Tack the two layers together with wrong sides facing, and run along about one-eighth inch below the level raw edges. Trim the turnings neatly and fold over your material so that the right sides face; press the join, which must come exactly on the fold. Now if you run the two layers together just below the enclosed turnings you make a neat little case for them. If there is likely to be any particular strain on the seam, make a short back-stitch here and there as you run; that is to say, when you have taken a few running stitches, put your needle back where it went through to start the previous stitch, and bring it out where you did before. This strengthens the seam considerably.


It is not always easy to make a French seam where the edge is curved a good deal or for other reasons. In this case try this variation. Run the layers together with right sides facing, making an occasional back-stitch if necessary. Take your stitching about a quarter inch below the raw edges. Then turn in the raw edges of the turnings to face, and run them together close to the folds.


This is a favourite lingerie and baby-clothes seam, and actually is used in France very much more than the so-called French seam. Run your two layers together with right sides facing, trim down the turning nearest you to a bare one-eighth inch, then turn in the other edge, fold it over the trimmed turning, and fell or run it down along the line of the seam. It stands up from the material as a French seam does, but is softer. (Fig. 4.)


This is really a dressmaking seam, but it is used for all kinds of joins. You simply tack your two layers together with raw edges level, then stitch, allowing turnings as required. Press open these turnings and neaten their edges; usually this is done by overcasting.


This is used for flannel, also for many woollen materials which do not fray easily, and are rather thick for an ordinary flat-felled seam. Place your two layers together with raw edges even, and join them with running-stitch. Trim away the turning nearest to you, leaving just sufficient material to prevent the stitching pulling away. Then press the other turning over flatly, and catch down its edge to the material with herringbone-stitch. (Fig. 6.)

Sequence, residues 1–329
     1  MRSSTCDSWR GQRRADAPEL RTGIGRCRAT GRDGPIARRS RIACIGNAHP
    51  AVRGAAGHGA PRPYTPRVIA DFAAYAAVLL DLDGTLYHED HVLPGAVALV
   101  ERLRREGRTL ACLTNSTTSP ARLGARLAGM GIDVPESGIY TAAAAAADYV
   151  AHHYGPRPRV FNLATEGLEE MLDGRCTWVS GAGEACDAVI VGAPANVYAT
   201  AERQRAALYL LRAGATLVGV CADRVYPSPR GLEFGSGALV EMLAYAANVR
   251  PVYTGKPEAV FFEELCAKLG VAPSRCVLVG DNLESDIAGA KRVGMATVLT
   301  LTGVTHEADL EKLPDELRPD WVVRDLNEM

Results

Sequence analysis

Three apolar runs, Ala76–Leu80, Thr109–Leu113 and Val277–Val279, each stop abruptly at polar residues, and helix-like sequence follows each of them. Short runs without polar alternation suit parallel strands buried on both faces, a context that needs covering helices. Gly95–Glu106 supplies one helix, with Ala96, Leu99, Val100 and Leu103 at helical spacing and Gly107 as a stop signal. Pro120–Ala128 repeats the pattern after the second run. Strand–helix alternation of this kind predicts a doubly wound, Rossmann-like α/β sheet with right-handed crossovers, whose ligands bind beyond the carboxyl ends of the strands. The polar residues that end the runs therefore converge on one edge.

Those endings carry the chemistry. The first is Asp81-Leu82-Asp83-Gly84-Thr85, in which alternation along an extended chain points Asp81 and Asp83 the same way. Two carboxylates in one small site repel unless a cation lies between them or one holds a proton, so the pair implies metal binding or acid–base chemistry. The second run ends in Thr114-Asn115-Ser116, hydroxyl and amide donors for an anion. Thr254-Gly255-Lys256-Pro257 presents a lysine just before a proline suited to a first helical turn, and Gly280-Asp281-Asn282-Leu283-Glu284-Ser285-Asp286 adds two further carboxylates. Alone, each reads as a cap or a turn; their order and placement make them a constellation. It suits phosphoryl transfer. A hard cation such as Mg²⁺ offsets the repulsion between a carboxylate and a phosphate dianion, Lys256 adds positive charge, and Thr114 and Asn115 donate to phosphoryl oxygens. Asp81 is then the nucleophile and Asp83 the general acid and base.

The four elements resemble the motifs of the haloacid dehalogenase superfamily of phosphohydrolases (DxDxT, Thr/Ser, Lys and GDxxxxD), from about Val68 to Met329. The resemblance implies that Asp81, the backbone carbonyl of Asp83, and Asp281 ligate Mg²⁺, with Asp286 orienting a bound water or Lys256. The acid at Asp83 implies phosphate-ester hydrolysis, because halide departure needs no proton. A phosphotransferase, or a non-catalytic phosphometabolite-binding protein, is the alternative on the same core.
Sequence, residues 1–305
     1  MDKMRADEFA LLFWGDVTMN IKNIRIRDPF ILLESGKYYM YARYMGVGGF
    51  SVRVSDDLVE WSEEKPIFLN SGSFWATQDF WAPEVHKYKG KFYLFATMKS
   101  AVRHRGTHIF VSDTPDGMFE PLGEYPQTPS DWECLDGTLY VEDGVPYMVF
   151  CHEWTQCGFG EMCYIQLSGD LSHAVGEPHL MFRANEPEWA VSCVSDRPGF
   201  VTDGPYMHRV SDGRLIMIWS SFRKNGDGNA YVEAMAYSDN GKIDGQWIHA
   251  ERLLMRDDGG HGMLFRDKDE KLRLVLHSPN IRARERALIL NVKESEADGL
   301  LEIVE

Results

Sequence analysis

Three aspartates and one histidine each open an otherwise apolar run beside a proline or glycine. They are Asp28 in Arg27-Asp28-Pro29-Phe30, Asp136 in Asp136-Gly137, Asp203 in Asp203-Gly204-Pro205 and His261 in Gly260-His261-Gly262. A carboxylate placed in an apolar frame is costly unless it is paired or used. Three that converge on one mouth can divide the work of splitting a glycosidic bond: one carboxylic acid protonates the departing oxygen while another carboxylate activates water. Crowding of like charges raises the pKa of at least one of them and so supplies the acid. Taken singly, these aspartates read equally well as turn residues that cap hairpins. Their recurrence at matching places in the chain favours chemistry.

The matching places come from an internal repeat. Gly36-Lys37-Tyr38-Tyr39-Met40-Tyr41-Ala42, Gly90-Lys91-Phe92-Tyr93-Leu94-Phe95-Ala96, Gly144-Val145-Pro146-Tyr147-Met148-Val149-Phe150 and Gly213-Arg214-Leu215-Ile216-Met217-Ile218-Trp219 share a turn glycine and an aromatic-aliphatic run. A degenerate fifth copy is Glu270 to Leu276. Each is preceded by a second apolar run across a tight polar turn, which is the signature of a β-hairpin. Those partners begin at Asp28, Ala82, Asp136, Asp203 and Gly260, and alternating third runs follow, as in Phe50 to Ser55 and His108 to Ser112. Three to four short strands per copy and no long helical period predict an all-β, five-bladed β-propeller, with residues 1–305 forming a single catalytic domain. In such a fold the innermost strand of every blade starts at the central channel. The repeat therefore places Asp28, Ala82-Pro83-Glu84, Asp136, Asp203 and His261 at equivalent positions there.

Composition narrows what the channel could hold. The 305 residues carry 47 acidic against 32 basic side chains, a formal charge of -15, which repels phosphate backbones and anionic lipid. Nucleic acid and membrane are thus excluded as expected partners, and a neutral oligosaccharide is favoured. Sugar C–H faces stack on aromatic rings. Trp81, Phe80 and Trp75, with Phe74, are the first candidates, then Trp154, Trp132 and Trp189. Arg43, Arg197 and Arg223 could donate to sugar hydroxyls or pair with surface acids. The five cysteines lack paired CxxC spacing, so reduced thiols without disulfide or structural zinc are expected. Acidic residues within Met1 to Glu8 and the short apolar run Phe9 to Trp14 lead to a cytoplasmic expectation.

When two folded edges or two selvedges are to be joined, they should be caught together, just along the edges, by oversewing—also known as top-sewing. Tack them together, and begin at the right-hand end. Bring your needle through from the inside of the layer nearest to you, then put it in again at the other side of the farthest layer, and bring it straight through both layers towards you. Repeat with stitches close together, at right angles to the seam, taking up the same amount of material every time; the needle should go through close to the edge. (Figs. 5a and 5b.)


A single seam is best for lace—if possible, a machined seam. Press it open very flat, trim the turnings, and overcast the raw edges with small stitches. Metal fabrics can be treated in the same way. The next best method for metallic tissues is to machine with a very small stitch as a single seam, then to roll the turnings and overcast the roll with small neat stitches. Instead of machine-stitching, small running-stitch with an occasional back-stitch can be used, but it is not quite so good. These joins must be made with great care, and well pressed afterwards.


This is simply taking stitches over any raw edge to be neatened, bringing your needle through from the wrong side at the left end, taking the cotton over the edge and putting your needle through again at the wrong side, a little distance to the right. How close your stitches should be depends on the tendency of your material to fray. Do not pull your stitches too tight.


This is a running-stitch used to draw up fulness; regulate the size of the stitches to the size your gathers are to be. The smaller your stitch the finer the gathers, and the more of them. Generally spaces and stitches are of even length, but sometimes the spaces are made twice as long as the stitches. In either case it is essential to keep all the stitches and all the spaces of regular length from start to finish, otherwise your gathers will vary.